Therefore, Mandela has shown excellent and selfless leadership which cannot be found in many leaders. Most leaders are driven by their own benefits but Mandela was determined to undergo any torture for the sake of his people. Through the African National Congress party, Mandela was determined to undergo any form of suffering for the sake of the South Africans blacks who were facing a lot of suffering at the hand of apartheid.
Political Activist (African National Congress)
In most cases, many political parties in Africa which fought for the rights of the blacks were characterized by violent activities. Therefore, it was expected that Mandela’s political party (ANC) would be even more violent bearing in the mind the extent to which apartheid had reached in South Africa. However, Mandela’s movement was characterized by non-violent protests. However, the younger nationalists became discouraged because of lack of progress in the initial stages (Ryan, 2011).
Together with his colleagues, Mandela believed that incorporating violence in their activities would trigger police’s brutality and this would bring suffering to South African blacks (Glad & Blanton, 1997). In case they engaged in violent activities, they new that the white leaders would take that opportunity to finish their people.
This was the main reason why they refrained from engaging themselves in violent demonstrations. According to Lieberfeld (2003), Mandela demonstrated peace in every step he made. His struggle against apartheid in earlier days was characterized by peace.
Mandela was one of those kinds of leaders who never gave up. He was rarely intimidated by any resistance to make his moves. He persistently moved forward. For instance, later on after joining ANC, Mandela decided to join the African National Congress Youth League (ANCYL) (Ryan, 2011). This is because ANC was making very little progress during that time. Due to his thirst to save his people from the chains of apartheid, Mandela joined this party as it was more vibrant than ANC. This group was composed of the members of ANC who were more militant.
In 1949, ANCYL organized strikes and boycotts across the country (Ryan, 2011). These actions were directed to force for changes in policies which oppressed the Africans in South Africa. In 1951, Nelson Mandela was elected as the head of this political party in the country. Soon after being elected the leader of this group, Mandela initiated a Defiance campaign which was aimed at triggering a massive resistance towards discriminative policies. This was his next move after their initial moves yielded little results.
Due to his perpetual resistance to the prevailing system and organizing of boycotts and strikes, Mandela was arrested in 1952 (Ryan, 2011). However, Mandela won that time as his sentence was suspended some time later.
However, he was neither allowed to attend any public gathering nor attend ANC meetings. These restrictions were aimed at minimizing his interactions with the public to avoid further incitation. However, Mandela’s journey did not stop hear as many would have thought. This encounter just boosted her determination to pursue his goals.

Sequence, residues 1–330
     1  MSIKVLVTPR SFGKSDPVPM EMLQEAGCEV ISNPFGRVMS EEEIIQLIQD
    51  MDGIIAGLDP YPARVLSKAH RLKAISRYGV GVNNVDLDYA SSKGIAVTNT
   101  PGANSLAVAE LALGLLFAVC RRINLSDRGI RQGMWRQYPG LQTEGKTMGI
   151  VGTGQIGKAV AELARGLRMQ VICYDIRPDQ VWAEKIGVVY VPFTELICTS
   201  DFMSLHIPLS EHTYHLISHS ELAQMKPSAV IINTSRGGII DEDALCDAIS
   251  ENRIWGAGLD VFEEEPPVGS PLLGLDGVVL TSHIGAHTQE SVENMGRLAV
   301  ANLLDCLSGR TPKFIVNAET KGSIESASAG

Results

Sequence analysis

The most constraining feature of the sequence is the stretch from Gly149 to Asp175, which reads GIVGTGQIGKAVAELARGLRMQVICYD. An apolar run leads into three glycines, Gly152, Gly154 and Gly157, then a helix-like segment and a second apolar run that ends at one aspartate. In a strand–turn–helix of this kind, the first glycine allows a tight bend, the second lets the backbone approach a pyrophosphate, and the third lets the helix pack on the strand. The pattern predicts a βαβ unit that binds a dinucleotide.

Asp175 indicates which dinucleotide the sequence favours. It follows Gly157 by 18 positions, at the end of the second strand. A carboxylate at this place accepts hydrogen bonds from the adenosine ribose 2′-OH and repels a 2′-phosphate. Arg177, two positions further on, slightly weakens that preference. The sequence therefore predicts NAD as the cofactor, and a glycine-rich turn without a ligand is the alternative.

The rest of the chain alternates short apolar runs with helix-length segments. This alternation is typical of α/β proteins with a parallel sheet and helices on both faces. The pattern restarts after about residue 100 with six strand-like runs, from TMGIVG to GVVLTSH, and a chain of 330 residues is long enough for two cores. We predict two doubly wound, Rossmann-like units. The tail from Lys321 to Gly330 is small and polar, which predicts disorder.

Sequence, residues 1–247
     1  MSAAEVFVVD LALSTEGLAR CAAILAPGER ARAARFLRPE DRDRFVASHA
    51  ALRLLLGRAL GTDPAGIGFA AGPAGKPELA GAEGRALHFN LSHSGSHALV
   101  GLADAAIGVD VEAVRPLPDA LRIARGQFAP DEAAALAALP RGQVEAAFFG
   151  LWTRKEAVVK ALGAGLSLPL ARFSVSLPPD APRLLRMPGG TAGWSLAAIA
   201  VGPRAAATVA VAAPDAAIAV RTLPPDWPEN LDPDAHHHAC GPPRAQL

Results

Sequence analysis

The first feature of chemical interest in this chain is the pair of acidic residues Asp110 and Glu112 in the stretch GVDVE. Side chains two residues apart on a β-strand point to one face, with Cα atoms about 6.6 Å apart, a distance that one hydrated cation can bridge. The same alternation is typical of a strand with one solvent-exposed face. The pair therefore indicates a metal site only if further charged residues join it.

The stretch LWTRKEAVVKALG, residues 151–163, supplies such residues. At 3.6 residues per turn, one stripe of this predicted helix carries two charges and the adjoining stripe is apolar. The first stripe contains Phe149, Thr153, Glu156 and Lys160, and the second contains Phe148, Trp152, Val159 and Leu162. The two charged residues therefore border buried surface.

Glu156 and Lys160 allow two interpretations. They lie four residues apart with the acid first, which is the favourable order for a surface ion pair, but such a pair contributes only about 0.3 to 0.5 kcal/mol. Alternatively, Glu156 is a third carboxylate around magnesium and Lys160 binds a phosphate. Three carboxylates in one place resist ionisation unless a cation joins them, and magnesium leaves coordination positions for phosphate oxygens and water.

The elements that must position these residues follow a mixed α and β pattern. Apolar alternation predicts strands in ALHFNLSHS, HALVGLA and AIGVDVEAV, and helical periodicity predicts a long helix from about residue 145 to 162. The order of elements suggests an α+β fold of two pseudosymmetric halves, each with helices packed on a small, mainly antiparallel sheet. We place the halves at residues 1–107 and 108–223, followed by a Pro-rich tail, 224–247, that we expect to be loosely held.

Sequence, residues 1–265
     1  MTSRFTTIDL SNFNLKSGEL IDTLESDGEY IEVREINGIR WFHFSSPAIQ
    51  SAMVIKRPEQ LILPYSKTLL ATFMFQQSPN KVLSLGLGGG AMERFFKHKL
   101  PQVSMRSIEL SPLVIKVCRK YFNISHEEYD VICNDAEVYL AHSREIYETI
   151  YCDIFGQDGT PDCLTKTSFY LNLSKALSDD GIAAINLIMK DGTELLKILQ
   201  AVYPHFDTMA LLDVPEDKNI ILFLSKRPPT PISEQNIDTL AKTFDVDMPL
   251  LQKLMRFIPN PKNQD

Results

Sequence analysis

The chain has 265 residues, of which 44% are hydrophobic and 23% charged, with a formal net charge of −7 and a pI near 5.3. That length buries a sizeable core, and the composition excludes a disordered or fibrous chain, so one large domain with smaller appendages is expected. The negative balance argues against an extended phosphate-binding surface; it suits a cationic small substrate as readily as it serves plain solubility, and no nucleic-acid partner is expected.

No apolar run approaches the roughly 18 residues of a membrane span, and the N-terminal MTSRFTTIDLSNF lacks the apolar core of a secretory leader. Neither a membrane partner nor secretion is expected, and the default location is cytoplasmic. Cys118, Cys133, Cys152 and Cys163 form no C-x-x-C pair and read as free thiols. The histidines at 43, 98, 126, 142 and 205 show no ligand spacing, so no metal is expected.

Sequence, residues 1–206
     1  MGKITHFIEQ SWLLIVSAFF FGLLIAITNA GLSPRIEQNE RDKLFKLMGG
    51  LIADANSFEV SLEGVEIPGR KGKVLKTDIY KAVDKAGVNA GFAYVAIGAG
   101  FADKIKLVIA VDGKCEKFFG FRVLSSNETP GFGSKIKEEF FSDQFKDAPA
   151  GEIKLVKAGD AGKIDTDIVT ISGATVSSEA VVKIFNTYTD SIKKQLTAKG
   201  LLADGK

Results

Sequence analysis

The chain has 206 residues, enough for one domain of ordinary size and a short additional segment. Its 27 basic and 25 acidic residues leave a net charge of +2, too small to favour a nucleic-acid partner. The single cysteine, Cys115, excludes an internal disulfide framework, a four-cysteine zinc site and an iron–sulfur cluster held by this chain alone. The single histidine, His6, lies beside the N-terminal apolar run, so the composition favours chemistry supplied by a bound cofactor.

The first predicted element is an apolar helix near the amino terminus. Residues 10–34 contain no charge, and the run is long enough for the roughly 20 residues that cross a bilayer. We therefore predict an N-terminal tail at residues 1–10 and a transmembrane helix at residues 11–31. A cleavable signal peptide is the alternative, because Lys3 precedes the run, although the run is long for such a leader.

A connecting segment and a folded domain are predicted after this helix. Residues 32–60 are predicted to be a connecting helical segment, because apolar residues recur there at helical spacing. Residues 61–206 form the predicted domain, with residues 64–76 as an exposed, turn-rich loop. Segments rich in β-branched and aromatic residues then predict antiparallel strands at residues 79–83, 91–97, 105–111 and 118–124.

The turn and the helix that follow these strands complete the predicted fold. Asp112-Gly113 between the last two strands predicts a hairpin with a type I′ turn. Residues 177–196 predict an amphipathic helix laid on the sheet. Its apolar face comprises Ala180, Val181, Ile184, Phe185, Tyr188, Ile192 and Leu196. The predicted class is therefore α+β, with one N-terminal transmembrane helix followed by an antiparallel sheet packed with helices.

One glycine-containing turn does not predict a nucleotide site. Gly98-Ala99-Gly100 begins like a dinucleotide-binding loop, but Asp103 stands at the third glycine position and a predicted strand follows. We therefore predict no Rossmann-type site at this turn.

To defend the people who were persecuted in the apartheid system, Mandela opened a law which defended the convicts. Later, Mandela and some other leaders were charged of treason. This case was later dropped. However, most of Mandela’s time was wasted as he was sometimes forced to make many appearances before the court. Despite of these commitments, Mandela still continued to fight four the equality in South Africa.
On realizing that non-violent resistance was not yielding any positive results, Mandela decided to adopt violence in his fight against apartheid. For instance, sixty nine people were killed while resisting for anti apartheid rule which restricted the movement of the blacks in South Africa.
This incident made Mandela to change his strategy of non-violent resistance to more harsh reaction. This is because the rate of discrimination was rising even after their efforts instead of falling. In connection to this, ANC commenced adopting armed resistance (Ryan, 2011).
After the banning of their party, Mandela with the support of other leaders formed an underground group. Through this group, Mandela and his colleagues targeted any official symbol of Apartheid and the government in their targets through sabotage. On seeing the extent to which apartheid had reached in South Africa, Nelson Mandela decided to travel across the African countries and Europe to seek support as well as learning the tactics of guerilla warfare (Ryan, 2011).
Therefore, Mandela realized the importance of the support from other countries in his struggle against apartheid (Glad & Blanton, 1997). Unfortunately, Mandela was arrested soon after going back to his country after completing his mission. He was charged for his involvements with the underground group and for moving out side the country without a legal prescription. This cost, Mandela five years in prison.
Despite of these sufferings which Mandela underwent during his struggle against discrimination towards the black South Africans, his stand was never shaken. During his trial, Mandela confirmed not to be intimidated by anything from his fight against apartheid (Ryan, 2011). He also explained the main aims of the newly formed group Umkhonto we Sizwe. Mandela together with his group narrowly escaped execution during these trials (Ryan, 2011). However, they were given a life imprisonment.